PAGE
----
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Wednesday, June 2, 2010

Hydrangeas - Part I

I have no idea how many parts this will result in because I am writing this as I type. Anybody else still like writing in notebooks or filling up tablets - then transfer it to the computer? No? Just a quirk I have cornered on the market? *Edited to add: I got kinda wordy and this is a long post - if you're not interested in learning about hydrangeas, you might just want to check out the pretty pictures. (Click on any picture to enlarge.)

Anyway, I began my love affair with hydrangeas when Mr. Sassypants and I moved into our home 13 years ago. My Ma-Ma sent me one as a housewarming gift and it is the stunner I still have at the bottom of our front porch steps. Um, I'm going to try and not gush on and on about the beauty of this plant...
(Merritt's Supreme Hydrangea)
Since I have an obscene number of these gems (50 total - 18 varieties and three "unknowns") and because I think I've been so fortunate to learn from some of the best hydrangea "experts", I want to share the knowledge I've gained from others and from my own experiences. Please take into account I am gardening in Zone 7, so my info translates well if you are in the Southeast. Mophead hydrangeas are the pickiest about their climates (in my opinion) and will do best if grown in Zones 6-9. (Tiara Hydrangea)
Requirements for healthy hydrangeas:


First, I'd like to address the issue of sun versus shade for hydrangeas. While they are known as a "shade" plant, they really should have SUN until about 1:00 or 2:00 pm. (Some types will tolerate a full day of sun and I'll tell more about them later.) The further north you are, the more they can tolerate more sun. If their leaves begin to scorch, they may be getting too much sun. Too little sun and you will end up with a green shrub and very few, if any, blooms. Say you have a mix of sun and shade...provided they get about 4 hours of direct light, you can grow a hydrangea.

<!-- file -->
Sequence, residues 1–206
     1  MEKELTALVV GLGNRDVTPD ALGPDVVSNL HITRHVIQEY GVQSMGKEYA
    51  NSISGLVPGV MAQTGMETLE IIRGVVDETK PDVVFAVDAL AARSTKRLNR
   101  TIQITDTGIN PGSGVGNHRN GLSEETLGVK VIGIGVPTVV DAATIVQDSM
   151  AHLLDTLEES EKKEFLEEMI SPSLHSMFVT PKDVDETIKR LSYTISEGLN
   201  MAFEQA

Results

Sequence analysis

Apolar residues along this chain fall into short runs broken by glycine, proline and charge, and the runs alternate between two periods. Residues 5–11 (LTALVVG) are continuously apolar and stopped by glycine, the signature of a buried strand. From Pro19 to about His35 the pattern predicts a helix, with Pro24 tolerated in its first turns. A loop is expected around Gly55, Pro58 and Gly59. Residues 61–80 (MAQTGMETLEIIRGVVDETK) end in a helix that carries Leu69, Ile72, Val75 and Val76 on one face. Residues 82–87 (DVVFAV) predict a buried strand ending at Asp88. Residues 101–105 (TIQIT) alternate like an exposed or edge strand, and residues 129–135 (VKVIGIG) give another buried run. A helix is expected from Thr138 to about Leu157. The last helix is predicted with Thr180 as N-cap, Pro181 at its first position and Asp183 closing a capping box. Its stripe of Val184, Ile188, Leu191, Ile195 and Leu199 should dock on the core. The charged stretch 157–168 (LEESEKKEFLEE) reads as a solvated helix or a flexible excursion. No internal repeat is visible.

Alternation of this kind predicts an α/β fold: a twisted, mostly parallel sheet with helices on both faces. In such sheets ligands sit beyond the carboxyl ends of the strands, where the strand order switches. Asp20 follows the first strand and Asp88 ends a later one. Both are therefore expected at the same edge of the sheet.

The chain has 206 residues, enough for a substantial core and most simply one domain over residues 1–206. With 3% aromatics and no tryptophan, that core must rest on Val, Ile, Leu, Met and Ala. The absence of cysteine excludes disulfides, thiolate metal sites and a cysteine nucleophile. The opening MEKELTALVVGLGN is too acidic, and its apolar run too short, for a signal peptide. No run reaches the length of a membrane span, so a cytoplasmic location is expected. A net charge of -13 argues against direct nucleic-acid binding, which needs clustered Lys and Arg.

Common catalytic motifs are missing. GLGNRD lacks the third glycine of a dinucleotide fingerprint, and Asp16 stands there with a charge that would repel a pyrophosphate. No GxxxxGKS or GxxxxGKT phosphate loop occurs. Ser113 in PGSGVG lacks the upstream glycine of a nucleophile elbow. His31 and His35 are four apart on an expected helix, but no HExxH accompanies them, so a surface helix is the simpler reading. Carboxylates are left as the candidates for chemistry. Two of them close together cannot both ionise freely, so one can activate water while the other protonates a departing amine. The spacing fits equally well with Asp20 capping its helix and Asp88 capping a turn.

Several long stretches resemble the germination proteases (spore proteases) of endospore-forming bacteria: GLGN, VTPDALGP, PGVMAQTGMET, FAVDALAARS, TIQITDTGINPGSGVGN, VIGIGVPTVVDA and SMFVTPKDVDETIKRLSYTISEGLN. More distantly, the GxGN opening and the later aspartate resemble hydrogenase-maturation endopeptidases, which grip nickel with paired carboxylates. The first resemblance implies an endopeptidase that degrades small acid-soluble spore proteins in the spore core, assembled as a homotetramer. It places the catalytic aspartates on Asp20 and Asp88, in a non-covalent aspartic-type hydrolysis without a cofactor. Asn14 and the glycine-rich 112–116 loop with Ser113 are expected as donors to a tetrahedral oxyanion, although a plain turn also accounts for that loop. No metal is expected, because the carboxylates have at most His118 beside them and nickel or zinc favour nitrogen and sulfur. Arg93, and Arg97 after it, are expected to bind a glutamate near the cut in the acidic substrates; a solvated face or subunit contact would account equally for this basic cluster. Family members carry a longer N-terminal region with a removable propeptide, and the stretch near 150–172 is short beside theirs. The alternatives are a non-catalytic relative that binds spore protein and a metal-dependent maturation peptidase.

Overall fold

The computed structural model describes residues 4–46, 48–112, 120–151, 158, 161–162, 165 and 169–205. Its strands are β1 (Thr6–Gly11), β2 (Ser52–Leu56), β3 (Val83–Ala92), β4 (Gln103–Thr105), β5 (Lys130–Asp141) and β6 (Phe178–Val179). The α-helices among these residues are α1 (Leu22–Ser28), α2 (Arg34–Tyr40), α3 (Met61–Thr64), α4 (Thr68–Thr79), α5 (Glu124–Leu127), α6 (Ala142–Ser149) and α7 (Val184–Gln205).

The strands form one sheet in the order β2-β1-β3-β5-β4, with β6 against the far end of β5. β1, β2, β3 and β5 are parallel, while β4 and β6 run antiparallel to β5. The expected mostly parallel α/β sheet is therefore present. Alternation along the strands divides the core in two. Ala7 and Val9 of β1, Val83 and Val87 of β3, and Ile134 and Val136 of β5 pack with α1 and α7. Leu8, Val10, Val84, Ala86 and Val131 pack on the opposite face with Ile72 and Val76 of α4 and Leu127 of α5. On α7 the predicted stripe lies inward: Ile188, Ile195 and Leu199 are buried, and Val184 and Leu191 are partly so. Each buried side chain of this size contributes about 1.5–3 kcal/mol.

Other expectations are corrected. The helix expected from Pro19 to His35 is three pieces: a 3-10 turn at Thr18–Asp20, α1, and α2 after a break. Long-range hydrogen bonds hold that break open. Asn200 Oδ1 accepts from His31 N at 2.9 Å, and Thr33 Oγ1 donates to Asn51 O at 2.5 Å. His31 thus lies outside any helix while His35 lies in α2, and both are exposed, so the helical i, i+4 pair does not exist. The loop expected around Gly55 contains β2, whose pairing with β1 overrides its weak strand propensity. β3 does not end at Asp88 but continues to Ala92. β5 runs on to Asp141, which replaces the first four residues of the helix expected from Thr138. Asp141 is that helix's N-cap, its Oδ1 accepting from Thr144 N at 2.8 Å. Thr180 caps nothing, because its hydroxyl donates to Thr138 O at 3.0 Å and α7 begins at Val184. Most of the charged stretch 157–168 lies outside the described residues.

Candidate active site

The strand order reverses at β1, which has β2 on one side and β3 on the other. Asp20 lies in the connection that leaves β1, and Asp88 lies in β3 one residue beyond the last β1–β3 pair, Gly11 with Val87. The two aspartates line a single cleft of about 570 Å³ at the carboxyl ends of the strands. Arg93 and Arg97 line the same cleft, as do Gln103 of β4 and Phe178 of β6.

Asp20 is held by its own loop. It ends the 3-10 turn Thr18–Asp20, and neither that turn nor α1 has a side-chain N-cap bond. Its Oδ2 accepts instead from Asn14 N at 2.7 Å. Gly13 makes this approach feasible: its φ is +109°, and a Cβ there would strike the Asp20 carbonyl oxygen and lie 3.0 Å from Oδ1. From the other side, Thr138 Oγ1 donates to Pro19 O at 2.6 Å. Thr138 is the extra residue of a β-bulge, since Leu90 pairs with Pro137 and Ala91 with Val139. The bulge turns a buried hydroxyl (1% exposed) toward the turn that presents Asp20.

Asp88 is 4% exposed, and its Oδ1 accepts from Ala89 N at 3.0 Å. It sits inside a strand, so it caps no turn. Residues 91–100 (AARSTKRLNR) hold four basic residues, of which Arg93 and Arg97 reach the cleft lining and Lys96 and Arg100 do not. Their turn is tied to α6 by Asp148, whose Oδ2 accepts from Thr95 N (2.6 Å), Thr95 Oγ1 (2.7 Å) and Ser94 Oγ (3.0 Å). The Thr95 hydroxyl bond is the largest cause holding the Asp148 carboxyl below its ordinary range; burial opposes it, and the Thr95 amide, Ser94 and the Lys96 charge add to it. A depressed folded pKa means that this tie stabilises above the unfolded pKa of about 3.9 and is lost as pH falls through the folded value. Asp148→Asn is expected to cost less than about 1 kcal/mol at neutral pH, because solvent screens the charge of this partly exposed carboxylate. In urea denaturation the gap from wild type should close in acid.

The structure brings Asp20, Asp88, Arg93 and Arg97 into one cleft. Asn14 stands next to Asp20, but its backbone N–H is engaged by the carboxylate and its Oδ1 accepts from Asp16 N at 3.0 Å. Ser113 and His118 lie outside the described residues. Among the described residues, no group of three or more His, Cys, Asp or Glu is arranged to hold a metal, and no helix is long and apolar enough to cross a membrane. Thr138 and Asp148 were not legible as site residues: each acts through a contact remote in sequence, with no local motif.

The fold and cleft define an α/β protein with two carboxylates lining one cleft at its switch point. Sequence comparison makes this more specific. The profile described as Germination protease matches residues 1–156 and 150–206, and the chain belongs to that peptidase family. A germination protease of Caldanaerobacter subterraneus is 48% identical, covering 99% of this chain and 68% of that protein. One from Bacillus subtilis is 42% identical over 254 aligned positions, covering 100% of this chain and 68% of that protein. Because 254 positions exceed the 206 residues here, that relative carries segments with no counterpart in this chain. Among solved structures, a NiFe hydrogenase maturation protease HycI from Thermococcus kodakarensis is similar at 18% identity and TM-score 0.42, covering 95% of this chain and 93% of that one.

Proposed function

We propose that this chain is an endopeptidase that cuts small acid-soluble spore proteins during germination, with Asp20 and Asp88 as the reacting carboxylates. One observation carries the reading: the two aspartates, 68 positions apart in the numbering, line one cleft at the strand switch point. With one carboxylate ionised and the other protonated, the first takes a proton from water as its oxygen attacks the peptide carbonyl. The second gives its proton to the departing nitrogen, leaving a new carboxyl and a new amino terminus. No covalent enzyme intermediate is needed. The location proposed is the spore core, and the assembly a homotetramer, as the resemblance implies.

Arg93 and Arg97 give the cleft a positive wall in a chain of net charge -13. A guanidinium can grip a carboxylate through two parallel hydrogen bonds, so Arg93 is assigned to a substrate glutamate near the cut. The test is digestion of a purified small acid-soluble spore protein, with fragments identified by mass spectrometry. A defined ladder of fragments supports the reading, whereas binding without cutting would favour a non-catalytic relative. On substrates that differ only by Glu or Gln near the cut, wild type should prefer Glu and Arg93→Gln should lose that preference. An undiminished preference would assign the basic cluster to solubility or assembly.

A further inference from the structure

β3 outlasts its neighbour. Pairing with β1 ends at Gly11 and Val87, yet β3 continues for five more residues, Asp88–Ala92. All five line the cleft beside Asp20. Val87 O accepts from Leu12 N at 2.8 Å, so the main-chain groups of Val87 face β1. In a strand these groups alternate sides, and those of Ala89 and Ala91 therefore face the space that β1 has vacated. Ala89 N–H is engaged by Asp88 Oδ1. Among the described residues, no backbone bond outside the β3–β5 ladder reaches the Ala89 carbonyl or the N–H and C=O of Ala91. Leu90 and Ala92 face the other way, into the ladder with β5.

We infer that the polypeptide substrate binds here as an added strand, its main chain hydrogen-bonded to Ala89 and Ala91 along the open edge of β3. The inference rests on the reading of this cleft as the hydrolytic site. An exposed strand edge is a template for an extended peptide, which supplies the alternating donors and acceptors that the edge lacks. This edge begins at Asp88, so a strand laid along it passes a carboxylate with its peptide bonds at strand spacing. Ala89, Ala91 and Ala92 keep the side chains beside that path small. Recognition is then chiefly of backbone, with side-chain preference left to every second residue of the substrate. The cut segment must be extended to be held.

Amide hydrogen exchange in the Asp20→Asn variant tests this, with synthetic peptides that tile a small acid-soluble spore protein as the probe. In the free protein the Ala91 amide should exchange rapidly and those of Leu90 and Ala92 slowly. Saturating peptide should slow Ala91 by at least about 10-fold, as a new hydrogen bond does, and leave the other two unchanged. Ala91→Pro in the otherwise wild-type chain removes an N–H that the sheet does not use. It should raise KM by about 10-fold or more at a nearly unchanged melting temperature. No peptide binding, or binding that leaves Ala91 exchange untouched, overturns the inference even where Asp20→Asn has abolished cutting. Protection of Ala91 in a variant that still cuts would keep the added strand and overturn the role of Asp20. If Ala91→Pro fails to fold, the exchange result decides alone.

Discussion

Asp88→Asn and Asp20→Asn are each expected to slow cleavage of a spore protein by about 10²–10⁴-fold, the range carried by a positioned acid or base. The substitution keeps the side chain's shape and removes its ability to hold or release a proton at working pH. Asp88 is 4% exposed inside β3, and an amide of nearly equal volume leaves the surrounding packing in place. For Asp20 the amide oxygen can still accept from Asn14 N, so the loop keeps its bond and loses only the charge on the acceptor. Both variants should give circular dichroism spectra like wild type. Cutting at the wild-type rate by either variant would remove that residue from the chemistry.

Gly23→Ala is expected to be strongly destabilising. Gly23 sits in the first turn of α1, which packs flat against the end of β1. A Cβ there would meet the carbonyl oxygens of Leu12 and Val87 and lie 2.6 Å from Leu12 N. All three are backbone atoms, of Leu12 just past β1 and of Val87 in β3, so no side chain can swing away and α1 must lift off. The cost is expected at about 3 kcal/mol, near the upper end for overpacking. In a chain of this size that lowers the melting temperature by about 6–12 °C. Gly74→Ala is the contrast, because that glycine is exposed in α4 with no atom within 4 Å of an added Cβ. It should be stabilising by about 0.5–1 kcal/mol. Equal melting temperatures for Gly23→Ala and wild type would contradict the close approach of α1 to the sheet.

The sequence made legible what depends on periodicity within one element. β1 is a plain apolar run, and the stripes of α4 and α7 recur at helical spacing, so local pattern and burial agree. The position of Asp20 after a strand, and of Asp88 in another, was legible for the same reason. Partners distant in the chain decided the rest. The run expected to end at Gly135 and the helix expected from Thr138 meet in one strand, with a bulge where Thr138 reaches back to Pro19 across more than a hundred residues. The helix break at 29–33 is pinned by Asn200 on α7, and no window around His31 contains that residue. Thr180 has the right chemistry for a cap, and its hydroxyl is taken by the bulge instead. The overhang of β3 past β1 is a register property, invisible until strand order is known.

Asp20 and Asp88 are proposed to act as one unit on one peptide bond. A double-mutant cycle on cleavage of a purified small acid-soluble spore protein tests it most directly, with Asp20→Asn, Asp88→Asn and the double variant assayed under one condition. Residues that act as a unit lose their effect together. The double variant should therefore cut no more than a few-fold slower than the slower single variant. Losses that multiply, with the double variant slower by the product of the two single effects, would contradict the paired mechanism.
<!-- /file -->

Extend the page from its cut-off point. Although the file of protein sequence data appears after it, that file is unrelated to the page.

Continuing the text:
(Limelight, PeeGee Hydrangea)
Say you have not a stitch of shade to be found on your can still grow a hydrangea! Pick up a PeeGee hydrangea (known in hoighty-toighty garden circles as Hydrangea Paniculata). Best in zones 3-8. PeeGees are one of my VERY favorite varieties! They NEED full sun, can produce HUGE blooms (which dry exquisitely), are not affected by late frosts, can be pruned to tree form and bloom late in the summer when little else is happening in this southern garden! This is a picture from last summer. This was only it's second year in the ground and it reached about eight feet high. Be prepared to give this big girl some room! Oakleaf hydrangeas (Hydrangea Quercifolia, Zones 5-9) also will tolerate and do better with a little more sun.
(Oakleaf Hydrangea)
Here in Georgia I've learned the hard way that amending my soil before planting is a required step - a huge pain in the tush, too! Given the hard clay we naturally have means adding and mixing in some bagged soil and compost. If you have gorgeous, dark, rich soil, I'm SO happy for you. (Dig into some hard clay and heave around some bags of cow manure and you'll realize I'm not being overly dramatic here.) Once your hydrangeas have been in the ground for a year, lay on a couple of inches of manure around the base of your plant. (Around March for Atlanta.)
(Penny Mac Hydrangea)
Sounds like a lot of work? The incredible, late Penny McHenry did this every spring and had over 300 hydrangeas. Penny was the founder of the American Hydrangea Society and a premier stop on the annual Hydrangea Tour here in Atlanta. Her garden was breathtaking and she was generous with her knowledge. Her garden is the reason I introduced Annabelles (a type of Hydrangea Arborescens, Zones 4-8) to my garden. This is also a variety which likes some more sun. (young Annabelle Hydrangea)
If you feel you must fertilize your hydrangea, you need only sprinkle some 10-10-10 at the base after the last freeze and when new green growth has pushed out. You can do the same again in June, but only if you're NOT in the middle of a drought! I've never fertilized my hydrangeas and never really felt the need for this step.

Of course all plants need water, but your hydrangea may need a little more in the first two years of its life, especially if you plant them in the early summer. The ideal (for the plant) time of year to plant a hydrangea is in the fall. (October for Atlanta) There is very little stress through our winters for a hydrangea. However, I know all the nurseries will have these gorgeous plants out now - my Ma-Ma gave me this one (below) while she was visiting - this Matilda Gutges, we both thought belonged in my garden.
Even when your hydrangea has been in the ground a few years, don't be surprised to see it go "limp" around 3:00pm. They will all do it (in the south especially).Here is one which has been in my garden for eight years now. The heat tends to bother it, but it will wake up refreshed the next morning. Of course, if your area is suffering from a drought, hydrangeas will become very stressed. Just try to get them water in the early morning at the base of the plant if possible.

I'll be back in a couple of days to answer FAQ's, so if you have any questions of your own, feel free to leave them in the comment section!
Thanks for visiting and Happy Gardening!